Growing up, some of my classmates always seemed to be going to some party at some kid’s house in the country having a bonfire, or driving around on back roads doing God knows what. I was sad because I was often left out of these activities…and not always because they didn't invite me; sometimes – often, actually – I just wasn’t allowed to go, as there were probably illegal activities involved, such as underage drinking.
“There’s so much more in life to look forward to than Friday night,” my mom would say.
She’s right, of course, but my impressionable mind took her way too seriously.
Unfortunately, that meant I spent most of my time looking forward to things, and not spending enough time enjoying the present.
"I'll be happy when..." became how I started so many of my sentences. I'd be happy when the term paper was turned in. The ACT was taken. I'd picked a college. I started college. That exam was over. The big project was turned in. I lost the 30 pounds I'd gained since freshman year. I got a boyfriend. I got a job in my field. I got engaged and married.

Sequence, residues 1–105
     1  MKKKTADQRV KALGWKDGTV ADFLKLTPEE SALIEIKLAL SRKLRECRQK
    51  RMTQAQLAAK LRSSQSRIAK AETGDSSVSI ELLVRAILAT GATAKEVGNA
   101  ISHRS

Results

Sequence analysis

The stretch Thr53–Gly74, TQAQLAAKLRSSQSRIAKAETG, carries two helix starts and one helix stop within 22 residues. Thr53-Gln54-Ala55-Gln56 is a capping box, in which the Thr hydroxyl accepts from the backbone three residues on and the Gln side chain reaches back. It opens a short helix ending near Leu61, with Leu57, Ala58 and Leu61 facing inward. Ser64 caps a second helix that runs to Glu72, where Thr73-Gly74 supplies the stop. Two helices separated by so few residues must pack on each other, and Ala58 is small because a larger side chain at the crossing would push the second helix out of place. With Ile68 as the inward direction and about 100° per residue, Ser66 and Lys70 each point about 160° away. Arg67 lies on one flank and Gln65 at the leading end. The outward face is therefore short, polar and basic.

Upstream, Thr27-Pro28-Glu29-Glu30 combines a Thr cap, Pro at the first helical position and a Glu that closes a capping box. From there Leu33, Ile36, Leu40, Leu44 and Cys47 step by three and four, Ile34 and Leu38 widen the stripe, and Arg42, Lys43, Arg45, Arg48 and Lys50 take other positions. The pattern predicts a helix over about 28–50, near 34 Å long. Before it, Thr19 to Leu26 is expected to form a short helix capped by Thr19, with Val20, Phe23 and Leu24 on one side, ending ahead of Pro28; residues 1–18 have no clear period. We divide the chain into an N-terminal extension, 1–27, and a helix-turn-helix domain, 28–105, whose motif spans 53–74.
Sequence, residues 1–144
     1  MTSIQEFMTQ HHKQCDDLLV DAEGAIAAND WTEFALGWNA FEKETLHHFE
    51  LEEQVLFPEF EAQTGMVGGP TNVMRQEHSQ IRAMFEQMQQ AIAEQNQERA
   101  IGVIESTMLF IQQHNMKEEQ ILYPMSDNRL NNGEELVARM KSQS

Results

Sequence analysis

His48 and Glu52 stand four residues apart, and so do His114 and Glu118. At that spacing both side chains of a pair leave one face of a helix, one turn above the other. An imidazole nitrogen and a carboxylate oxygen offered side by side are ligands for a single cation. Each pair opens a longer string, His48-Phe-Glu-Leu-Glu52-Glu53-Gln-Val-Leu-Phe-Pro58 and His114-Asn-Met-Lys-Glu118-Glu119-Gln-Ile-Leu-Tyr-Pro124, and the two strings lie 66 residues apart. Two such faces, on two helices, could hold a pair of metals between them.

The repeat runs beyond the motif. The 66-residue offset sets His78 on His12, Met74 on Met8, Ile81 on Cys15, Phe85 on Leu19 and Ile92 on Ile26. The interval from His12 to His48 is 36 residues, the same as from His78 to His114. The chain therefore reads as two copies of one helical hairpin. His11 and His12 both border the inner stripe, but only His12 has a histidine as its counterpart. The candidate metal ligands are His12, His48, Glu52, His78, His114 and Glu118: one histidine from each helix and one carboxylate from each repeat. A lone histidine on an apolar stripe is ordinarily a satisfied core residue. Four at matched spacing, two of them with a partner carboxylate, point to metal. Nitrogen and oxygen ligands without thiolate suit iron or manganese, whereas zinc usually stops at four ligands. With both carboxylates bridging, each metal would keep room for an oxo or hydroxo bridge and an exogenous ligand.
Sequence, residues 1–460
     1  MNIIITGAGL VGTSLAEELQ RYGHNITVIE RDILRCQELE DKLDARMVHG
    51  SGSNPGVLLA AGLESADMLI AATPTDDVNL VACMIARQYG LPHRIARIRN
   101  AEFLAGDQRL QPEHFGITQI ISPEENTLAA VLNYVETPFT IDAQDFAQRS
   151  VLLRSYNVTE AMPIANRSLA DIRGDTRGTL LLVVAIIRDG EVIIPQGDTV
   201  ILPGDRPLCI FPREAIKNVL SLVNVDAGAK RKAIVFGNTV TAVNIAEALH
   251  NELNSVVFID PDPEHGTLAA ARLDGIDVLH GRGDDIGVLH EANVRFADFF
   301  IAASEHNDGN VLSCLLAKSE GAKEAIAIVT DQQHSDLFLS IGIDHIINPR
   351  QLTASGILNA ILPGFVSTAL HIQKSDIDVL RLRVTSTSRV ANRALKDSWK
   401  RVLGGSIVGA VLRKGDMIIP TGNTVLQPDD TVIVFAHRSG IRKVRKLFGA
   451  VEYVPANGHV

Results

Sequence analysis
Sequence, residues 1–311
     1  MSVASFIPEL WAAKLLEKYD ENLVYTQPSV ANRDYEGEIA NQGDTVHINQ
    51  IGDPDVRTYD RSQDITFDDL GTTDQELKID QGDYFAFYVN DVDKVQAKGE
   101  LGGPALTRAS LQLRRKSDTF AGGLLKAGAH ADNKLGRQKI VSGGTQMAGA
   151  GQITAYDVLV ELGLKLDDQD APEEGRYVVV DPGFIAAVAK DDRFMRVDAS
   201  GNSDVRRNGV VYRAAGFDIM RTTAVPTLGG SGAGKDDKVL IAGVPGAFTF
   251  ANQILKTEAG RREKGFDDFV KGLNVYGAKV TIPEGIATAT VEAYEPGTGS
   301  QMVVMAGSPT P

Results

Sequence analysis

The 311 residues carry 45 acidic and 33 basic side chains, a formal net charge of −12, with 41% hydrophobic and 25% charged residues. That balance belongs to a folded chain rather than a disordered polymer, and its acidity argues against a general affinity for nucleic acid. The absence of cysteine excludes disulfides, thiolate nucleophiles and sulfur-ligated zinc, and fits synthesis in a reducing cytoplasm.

What I didn’t think about while spending nearly a decade chronically unhappy was that the day I could stop waiting was today. That it could’ve been any of those days.
When I quit working out to lose weight and started working out to feel good, I was happier. When I stopped thinking about when Zach would propose to me and started thinking about what I liked about him, I was happier. When I no longer felt bad about not working in my field and focused on how I could afford to grab dinner and drinks with my friends on the weekends (and still get all the bills paid), I was happier.
Do I still have lofty goals for my future? Of course. Having goals is important because without them, you have no reason to try to better yourself. That's what my mom tried to tell me all those years ago.
But that doesn't mean you can't appreciate the little blessings of every day. Don't let thoughts of the future stop you from living in the present, because if you do, you just might look back on your past wishing you'd enjoyed it more.